I am in the process of writing a small program to illustrate a problem I'm trying to narrow down. I have a java application which uses a mySQL 8 database and mySQL JDBC driver for Java. When I read a date time field from my database using my App which is running on Windows or MacOS it comes back with a time component which is correct. When I run the same app on Linux the time component is wrong. There are a few variables to narrow down on.
On Mac and Windows I'm using Oracle Java 1.8 202 and on Ubuntu Linux I'm using OpenJDK 1.8 202
I was about to follow the route of checking if the problem went away if I run the Linux version under Oracle Java - but I have also noted that when I download the mySQL JDBC driver from their website they offer versions for
So - can someone explain why the jdbc has to have a Linux distribution specific file - at the moment I'm using the Platform independent version and I will try the Ubuntu version as well.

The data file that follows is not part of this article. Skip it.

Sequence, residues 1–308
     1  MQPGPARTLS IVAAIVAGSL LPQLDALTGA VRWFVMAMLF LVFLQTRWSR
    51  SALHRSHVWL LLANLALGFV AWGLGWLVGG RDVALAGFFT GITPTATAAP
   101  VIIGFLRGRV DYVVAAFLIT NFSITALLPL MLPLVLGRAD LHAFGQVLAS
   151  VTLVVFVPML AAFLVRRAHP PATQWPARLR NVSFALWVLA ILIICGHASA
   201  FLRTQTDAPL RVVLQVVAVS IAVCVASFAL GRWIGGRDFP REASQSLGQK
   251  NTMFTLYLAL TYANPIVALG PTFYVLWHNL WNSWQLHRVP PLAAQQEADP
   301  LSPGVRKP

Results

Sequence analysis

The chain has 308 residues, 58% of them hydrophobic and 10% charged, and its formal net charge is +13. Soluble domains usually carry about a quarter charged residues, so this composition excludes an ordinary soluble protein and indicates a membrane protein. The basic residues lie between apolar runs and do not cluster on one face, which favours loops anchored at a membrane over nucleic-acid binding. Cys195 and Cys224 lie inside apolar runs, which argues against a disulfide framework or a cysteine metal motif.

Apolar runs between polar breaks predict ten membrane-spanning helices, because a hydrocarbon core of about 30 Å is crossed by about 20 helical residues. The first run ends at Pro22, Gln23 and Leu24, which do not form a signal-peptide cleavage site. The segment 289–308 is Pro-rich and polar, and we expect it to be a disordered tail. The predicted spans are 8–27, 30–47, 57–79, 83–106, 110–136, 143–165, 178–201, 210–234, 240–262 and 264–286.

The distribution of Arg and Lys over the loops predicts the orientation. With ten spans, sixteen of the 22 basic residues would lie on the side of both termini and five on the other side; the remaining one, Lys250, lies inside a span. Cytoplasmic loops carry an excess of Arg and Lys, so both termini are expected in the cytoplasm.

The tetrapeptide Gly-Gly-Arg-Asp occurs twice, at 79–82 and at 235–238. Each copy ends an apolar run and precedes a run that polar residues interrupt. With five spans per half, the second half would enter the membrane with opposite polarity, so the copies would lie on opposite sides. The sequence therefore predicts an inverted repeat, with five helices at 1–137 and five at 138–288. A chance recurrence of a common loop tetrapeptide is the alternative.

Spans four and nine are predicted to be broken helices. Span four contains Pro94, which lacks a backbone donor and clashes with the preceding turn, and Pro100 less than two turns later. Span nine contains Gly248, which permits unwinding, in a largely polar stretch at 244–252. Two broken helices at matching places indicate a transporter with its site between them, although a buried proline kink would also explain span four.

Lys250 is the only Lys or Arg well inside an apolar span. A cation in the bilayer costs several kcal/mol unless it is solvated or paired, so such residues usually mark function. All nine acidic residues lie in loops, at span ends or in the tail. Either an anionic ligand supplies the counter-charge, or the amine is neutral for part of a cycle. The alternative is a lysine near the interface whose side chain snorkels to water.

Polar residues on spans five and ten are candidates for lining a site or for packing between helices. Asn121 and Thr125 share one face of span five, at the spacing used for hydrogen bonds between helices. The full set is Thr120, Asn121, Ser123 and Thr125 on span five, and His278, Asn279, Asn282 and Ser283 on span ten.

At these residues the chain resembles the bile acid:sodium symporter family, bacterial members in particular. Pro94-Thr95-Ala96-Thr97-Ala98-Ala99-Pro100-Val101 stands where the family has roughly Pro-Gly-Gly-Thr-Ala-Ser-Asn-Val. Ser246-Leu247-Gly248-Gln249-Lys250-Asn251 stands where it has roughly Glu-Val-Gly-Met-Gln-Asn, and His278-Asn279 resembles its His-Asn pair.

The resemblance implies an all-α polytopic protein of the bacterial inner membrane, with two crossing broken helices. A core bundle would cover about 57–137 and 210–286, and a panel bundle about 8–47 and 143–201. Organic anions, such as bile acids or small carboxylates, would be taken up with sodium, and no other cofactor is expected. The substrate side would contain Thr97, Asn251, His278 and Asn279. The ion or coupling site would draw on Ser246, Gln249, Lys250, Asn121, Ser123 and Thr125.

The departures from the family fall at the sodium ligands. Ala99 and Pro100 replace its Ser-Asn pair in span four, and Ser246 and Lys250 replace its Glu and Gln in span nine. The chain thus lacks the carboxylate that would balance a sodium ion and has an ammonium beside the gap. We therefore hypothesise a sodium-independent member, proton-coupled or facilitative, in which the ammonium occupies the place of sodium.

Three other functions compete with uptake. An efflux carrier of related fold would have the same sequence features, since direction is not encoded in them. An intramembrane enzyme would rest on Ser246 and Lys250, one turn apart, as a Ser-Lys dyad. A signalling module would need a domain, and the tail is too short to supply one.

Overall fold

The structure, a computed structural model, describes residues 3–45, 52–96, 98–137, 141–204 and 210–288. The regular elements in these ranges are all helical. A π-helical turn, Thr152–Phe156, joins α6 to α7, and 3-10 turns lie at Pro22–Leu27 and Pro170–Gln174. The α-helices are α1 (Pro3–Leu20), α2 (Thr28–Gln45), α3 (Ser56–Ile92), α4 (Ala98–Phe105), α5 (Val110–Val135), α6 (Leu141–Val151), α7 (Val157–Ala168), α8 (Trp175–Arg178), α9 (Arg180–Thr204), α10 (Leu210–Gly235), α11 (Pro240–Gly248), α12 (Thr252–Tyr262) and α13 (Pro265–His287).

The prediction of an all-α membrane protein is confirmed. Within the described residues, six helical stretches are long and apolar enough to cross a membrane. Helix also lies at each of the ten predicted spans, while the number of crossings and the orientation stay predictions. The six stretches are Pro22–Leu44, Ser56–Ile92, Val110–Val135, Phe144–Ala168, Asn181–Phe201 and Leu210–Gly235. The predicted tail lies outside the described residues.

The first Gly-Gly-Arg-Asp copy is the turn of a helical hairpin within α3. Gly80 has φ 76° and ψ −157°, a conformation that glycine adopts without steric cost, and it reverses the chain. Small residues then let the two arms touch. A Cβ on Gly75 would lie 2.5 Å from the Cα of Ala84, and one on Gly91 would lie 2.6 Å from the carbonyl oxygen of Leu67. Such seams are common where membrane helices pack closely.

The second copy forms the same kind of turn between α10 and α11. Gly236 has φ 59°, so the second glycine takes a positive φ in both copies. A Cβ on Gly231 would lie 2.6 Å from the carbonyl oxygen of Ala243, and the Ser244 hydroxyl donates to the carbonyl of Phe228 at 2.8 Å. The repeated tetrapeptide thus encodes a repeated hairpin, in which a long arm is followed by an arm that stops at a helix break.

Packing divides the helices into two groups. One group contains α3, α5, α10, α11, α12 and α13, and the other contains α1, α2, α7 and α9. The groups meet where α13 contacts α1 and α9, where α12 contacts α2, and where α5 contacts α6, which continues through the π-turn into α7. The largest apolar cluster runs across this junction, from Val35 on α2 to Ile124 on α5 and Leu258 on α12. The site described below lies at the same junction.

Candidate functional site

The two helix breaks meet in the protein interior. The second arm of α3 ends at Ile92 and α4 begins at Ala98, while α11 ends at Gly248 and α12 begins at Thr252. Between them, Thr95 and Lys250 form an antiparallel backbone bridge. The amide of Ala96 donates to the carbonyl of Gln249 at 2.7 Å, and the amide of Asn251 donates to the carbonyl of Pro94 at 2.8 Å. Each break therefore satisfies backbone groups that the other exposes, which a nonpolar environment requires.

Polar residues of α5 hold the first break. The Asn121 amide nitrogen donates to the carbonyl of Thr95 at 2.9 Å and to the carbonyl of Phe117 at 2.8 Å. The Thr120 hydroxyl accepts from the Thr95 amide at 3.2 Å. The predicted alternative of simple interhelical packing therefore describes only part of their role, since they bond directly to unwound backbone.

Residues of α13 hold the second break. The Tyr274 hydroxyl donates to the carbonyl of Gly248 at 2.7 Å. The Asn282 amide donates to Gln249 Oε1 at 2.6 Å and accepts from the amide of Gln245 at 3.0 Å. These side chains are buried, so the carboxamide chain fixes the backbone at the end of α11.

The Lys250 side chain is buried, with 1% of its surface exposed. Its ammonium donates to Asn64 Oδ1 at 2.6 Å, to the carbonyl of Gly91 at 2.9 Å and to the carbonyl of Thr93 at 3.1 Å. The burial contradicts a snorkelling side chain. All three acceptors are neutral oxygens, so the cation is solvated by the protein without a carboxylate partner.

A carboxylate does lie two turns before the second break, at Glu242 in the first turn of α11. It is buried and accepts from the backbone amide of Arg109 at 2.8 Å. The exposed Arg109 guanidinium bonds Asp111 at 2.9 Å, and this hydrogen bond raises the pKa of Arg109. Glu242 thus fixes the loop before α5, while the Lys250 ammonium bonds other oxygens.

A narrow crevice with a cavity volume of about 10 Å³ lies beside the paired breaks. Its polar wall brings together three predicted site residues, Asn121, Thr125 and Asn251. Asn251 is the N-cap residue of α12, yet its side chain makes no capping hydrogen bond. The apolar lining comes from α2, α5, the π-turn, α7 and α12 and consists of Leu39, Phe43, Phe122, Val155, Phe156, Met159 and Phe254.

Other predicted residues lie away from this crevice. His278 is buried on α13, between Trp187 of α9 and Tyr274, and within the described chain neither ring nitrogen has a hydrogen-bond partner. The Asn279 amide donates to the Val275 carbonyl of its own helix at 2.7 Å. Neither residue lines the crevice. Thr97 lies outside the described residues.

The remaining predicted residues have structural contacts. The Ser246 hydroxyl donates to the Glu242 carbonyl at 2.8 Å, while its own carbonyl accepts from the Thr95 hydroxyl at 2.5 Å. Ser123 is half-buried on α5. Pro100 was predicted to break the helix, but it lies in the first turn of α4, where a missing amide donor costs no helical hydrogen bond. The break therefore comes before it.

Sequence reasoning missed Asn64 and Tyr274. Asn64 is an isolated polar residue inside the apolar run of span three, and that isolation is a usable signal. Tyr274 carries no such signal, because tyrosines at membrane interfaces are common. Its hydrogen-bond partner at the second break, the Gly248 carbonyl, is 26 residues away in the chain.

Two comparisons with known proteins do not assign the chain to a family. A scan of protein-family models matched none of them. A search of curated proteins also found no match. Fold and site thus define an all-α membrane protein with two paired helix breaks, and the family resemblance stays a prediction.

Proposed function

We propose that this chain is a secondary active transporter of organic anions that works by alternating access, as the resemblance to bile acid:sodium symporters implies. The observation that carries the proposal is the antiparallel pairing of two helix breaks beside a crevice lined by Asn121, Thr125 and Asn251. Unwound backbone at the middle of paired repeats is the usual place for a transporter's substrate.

When running the java code under MacOS I get the time component "08:00"
When running the java code under Ubuntu 18 I get the time component "00:00"
MacOs is running Oracle Java and Linux OpenJDK but I've not determined if it's the Java Version or OS yet - the database is common between both.
MySQL 8.0 Reference Manual wrote:In MySQL, databases correspond to directories within the data directory. Each table within a database corresponds to at least one file within the database directory (and possibly more, depending on the storage engine). Triggers also correspond to files. Consequently, the case sensitivity of the underlying operating system plays a part in the case sensitivity of database, table, and trigger names. This means such names are not case-sensitive in Windows, but are case-sensitive in most varieties of Unix. One notable exception is macOS, which is Unix-based but uses a default file system type (HFS+) that is not case-sensitive. However, macOS also supports UFS volumes, which are case-sensitive just as on any Unix.